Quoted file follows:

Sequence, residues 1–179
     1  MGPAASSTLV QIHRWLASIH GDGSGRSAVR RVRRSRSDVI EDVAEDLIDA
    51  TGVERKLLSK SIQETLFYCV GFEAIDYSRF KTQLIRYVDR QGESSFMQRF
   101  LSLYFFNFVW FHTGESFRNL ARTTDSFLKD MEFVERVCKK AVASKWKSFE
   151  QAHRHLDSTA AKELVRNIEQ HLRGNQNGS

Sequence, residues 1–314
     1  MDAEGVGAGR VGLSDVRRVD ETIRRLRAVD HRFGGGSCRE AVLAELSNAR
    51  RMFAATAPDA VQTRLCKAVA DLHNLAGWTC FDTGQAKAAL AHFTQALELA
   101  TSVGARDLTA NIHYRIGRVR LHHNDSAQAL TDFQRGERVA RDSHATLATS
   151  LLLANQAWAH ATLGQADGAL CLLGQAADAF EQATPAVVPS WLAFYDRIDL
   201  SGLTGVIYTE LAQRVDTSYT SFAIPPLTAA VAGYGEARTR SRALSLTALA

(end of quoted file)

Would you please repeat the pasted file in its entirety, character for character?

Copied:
Sequence, residues 1–179
     1  MGPAASSTLV QIHRWLASIH GDGSGRSAVR RVRRSRSDVI EDVAEDLIDA
    51  TGVERKLLSK SIQETLFYCV GFEAIDYSRF KTQLIRYVDR QGESSFMQRF
   101  LSLYFFNFVW FHTGESFRNL ARTTDSFLKD MEFVERVCKK AVASKWKSFE
   151  QAHRHLDSTA AKELVRNIEQ HLRGNQNGS

Sequence, residues 1–314
     1  MDAEGVGAGR VGLSDVRRVD ETIRRLRAVD HRFGGGSCRE AVLAELSNAR
    51  RMFAATAPDA VQTRLCKAVA DLHNLAGWTC FDTGQAKAAL AHFTQALELA
   101  TSVGARDLTA NIHYRIGRVR LHHNDSAQAL TDFQRGERVA RDSHATLATS
   151  LLLANQAWAH ATLGQADGAL CLLGQAADAF EQATPAVVPS WLAFYDRIDL
   201  SGLTGVIYTE LAQRVDTSYT SFAIPPLTAA VAGYGEARTR SRALSLTALA